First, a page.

Head over to Dell’s shopping site and you’ll find the laptop section is a bit confusing. In addition to the premium XPS line and the gaming-centric Alienware brand, there’s a vast selection of Inspirons. Some are just called “Inspiron.” Some are “Inspiron R.” Heck, there even used to be an Inspiron Z (RIP). Fortunately, Dell’s trying to clear things up. The company is moving to a “good, better, best” setup, with three lines called the Inspiron 3000, 5000 and 7000 (Dell’s enterprise notebooks already have a similar naming scheme). Though the company isn’t unveiling all of its new consumer laptops today, it is taking the wraps off the 7000s, along with one of the 3000-series models.
Given that these start at $699 and are way less expensive than Dell’s top-of-the-line XPS offerings, it’s best if you think of these as mid-range machines; specifically, the best mid-range machines Dell has to offer. Available in 14-, 15- and 17-inch screen sizes, they feature a nicer design than you might expect, with all-aluminum surfaces, backlit keyboards and Gorilla Glass touchscreens (1,366 x 768 is the native resolution, but 1080p is also an option). On the inside, they run Haswell processors, with optional discrete graphics on the 15- and 17-inch models. Battery life, meanwhile, is said to range from eight to 12 hours depending on the configuration and screen size. All three will be available September 26th, with the 15-inch model priced from $699, while the 14 and 17 start at $849. by engadget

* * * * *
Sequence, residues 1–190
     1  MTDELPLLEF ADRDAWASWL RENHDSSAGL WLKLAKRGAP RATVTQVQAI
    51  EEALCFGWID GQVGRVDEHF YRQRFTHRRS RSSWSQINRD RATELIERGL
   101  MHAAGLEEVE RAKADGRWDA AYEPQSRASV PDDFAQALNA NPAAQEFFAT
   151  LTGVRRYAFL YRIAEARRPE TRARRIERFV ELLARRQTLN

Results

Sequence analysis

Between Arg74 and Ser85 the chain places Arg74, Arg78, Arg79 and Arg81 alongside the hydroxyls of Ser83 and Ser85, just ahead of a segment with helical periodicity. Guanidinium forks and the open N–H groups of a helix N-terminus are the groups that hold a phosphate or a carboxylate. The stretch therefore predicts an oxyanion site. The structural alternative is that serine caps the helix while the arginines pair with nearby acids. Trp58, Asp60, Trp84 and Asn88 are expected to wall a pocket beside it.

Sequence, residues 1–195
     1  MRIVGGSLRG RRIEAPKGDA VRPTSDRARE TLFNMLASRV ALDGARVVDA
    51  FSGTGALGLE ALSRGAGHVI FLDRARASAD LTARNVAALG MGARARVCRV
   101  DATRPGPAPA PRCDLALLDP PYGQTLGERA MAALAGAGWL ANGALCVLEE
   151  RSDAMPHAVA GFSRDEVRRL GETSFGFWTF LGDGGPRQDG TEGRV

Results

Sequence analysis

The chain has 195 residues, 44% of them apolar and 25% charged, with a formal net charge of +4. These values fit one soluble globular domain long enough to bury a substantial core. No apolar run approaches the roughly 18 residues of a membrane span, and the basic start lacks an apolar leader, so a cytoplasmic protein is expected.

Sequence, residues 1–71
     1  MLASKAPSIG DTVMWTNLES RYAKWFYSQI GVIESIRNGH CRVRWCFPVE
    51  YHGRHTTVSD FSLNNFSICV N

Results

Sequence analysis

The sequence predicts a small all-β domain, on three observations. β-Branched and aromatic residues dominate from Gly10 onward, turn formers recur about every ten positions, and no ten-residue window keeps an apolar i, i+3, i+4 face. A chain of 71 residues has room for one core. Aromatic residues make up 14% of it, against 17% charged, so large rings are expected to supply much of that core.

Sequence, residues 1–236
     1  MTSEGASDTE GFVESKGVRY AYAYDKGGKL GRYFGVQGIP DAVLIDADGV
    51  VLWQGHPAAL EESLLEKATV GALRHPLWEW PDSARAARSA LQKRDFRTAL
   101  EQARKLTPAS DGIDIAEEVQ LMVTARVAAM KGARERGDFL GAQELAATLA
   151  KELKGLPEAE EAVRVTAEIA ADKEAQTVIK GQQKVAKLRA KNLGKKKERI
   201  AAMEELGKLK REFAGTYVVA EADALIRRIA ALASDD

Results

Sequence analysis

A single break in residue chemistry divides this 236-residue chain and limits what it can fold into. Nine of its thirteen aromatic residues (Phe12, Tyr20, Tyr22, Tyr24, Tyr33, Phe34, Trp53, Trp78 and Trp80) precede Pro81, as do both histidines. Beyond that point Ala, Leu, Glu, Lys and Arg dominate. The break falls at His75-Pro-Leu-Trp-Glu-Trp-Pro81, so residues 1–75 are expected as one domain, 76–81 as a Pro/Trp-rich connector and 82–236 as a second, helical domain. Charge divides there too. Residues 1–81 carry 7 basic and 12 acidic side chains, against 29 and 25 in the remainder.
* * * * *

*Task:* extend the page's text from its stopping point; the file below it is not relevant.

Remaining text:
Additionally, Dell introduced the 11-inch Inspiron 11, a $379 netbook-style laptop with a touchscreen. With that price and form factor, it would seem to fall in the same class as the new Toshiba NB15t and the HP Pavilion TouchSmart 11, except we see a lot more performance potential. For instance, though you can get it with an AMD chip to start, you can also trick it out with a Core i3 or i5 processor, whereas the NB15t is Intel Celeron-only, and the HP TouchSmart 11 tops out with AMD. All told, the battery life rated at up to eight hours, depending on the configuration. Also, the design appears nicer than those other machines. Here, you get a soft-touch finish on the lid and bottom — a nice step up from the hard plastic you’ll get on Toshiba’s NB15t, we’d say. Curious? It lands October 3rd — a bit later than the others.
Finally, moving away from laptops, Dell also introduced a revamped Inspiron 23 all-in-one, with a slimmer bezel and a design that puts all the PC guts in the base. This will be available October 1st for $999 and up, with your choice of Haswell processors. by engadget